New Study Claims That Smelling Your Partner’s Farts Could Actually Help You To Live Longer, Find Out Why

Who knew that flatulence could be so good for your health? While most people are generally disgusted at the bodily function that comes out of people’s rear ends, there may be a reason for you to start enjoying it and stop complaining about it.

Unilad reports that a research study done by the University of Exeter uncovered a very strange truth — smelling your partner’s farts actually has health benefits. According to the Medicinal Communications Journal, the effects of the gas hydrogen sulfide, aka what comes out of your rear end when you fart, can help in fighting mitochondrial damage — which is bad for your health.

“Although hydrogen sulfide is well known as a pungent, foul-smelling gas in rotten eggs and flatulence, it is naturally produced in the body and could in fact be a healthcare hero,” University of Exeter researcher Mark Wood claims.

Believe it or not, the very same gas in farts can help to prevent a ton of serious diseases including cancer, stroke, and even heart attack. Further research shows that inhaling these gases can also aid in preventing both arthritis and dementia.

The Exeter reports that the University of Exeter made a AP39 compound, which is basically like hydrogen sulfide, that can be used in future therapies by targeting small amounts of the substance inside cells.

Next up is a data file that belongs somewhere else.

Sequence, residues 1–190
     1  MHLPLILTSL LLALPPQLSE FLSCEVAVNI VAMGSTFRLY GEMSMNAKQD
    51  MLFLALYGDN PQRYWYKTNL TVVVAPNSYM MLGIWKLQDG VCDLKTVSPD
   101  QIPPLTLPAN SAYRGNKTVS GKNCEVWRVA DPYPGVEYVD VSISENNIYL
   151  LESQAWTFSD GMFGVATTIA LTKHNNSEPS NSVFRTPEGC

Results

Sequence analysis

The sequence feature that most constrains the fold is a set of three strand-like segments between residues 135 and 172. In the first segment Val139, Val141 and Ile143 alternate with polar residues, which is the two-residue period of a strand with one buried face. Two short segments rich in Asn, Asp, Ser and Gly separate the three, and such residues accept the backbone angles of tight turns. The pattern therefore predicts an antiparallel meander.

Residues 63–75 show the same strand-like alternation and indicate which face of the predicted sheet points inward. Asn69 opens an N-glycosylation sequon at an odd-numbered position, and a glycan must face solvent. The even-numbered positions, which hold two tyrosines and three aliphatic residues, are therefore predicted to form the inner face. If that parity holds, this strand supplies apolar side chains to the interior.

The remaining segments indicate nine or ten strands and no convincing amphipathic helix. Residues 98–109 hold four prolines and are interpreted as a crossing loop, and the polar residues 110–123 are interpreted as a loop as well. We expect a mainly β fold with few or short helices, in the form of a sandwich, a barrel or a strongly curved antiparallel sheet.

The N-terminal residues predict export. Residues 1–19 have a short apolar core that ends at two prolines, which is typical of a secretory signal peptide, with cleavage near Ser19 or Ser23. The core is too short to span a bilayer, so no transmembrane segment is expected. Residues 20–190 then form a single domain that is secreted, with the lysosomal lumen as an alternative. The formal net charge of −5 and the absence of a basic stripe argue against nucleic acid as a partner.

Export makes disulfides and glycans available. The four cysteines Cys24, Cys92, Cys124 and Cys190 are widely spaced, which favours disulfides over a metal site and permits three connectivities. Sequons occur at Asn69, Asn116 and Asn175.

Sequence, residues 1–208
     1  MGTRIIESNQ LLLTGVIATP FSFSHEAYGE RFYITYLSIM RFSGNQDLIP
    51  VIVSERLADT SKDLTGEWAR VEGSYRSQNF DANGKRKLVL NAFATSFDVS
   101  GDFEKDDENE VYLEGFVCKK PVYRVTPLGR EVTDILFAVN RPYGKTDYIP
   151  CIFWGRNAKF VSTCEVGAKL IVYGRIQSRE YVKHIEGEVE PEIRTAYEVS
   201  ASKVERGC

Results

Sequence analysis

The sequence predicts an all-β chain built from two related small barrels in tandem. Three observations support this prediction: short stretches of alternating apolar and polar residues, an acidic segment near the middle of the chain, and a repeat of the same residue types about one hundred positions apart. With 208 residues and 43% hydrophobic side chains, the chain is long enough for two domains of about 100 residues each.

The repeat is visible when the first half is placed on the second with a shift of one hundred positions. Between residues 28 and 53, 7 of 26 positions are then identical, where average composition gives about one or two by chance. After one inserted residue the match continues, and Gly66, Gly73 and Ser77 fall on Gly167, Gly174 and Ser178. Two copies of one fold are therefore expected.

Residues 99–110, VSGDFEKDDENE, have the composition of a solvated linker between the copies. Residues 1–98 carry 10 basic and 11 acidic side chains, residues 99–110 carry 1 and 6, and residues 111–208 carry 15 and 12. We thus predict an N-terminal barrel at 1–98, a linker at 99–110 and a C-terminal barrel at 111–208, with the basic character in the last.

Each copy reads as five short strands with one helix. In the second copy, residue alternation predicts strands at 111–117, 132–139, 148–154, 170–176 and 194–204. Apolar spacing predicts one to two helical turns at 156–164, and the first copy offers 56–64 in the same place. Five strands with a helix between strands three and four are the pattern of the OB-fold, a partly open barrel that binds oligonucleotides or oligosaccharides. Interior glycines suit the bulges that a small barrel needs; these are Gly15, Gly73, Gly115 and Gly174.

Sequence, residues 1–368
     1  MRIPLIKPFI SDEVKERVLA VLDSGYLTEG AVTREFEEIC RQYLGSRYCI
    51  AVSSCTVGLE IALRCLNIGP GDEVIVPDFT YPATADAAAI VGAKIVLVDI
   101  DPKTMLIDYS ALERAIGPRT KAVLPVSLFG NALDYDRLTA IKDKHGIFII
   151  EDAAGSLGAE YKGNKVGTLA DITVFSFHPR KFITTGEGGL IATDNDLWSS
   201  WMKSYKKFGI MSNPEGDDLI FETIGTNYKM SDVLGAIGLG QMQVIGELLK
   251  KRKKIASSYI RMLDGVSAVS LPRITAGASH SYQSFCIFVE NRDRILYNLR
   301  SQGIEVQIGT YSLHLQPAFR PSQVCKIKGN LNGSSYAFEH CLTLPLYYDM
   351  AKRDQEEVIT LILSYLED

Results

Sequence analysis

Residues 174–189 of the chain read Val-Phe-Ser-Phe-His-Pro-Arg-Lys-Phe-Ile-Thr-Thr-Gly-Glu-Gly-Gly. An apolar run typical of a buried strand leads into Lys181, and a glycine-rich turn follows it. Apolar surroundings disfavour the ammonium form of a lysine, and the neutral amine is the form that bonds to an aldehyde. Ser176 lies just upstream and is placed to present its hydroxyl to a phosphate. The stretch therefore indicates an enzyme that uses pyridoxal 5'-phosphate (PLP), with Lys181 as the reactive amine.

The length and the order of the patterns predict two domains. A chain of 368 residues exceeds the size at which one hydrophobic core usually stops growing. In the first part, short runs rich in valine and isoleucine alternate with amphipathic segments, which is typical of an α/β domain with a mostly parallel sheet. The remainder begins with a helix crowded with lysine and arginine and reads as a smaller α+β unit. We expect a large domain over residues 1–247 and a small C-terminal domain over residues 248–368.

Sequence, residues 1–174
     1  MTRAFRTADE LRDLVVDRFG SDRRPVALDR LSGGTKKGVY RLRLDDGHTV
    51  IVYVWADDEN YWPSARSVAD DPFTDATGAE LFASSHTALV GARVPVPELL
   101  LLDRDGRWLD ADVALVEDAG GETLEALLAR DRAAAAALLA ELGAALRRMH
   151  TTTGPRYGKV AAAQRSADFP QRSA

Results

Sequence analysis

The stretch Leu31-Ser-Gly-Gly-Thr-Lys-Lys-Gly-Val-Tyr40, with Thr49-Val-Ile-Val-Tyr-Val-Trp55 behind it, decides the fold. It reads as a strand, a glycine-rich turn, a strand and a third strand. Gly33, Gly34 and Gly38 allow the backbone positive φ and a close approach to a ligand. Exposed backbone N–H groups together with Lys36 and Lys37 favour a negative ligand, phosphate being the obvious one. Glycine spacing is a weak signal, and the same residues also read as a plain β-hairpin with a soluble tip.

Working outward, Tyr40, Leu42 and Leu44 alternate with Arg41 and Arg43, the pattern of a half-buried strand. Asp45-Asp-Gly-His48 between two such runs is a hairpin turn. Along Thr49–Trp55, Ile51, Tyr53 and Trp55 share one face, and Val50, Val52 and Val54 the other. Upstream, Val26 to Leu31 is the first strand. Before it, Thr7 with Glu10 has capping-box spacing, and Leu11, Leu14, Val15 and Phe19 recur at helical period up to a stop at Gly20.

Research done by the school has already proven that AP39 protects mitochondria, which is also know as the “powerhouse” of cells. The mitochondria drives energy production in blood vessel cells so when the AP39 compound is able to protect it from being damaged, your body will protect you from a ton of deadly diseases.

“Although hydrogen sulfide is well known as a pungent, foul-smelling gas in rotten eggs and flatulence, it is naturally produced in the body and could in fact be a healthcare hero with significant implications for future therapies for a variety of diseases,” Dr. Mark Wood says.

In 80 percent of studies where AP39 was administered in cardiovascular diseases, the powerhouse mitochondria cells survived and, in turn, protected the body. The AP39 compound can also lower blood pressure and help to slow down the heartbeat, which will reduce the risk of a heart attack.

A follow up study was done in collaboration with the University of Texas medical branch, further proving that the AP39 compound helped to prevent mitochondrial DNA in mitochondria. The Exeter explains that once the DNA is damaged, it is unable to be repaired and thus makes humans more susceptible to other diseases.

All of the research is still in the very beginning stages, but the University of Exeter hopes to begin to do testing on humans next.

[Featured Image by Vadim Ghirda/AP Images]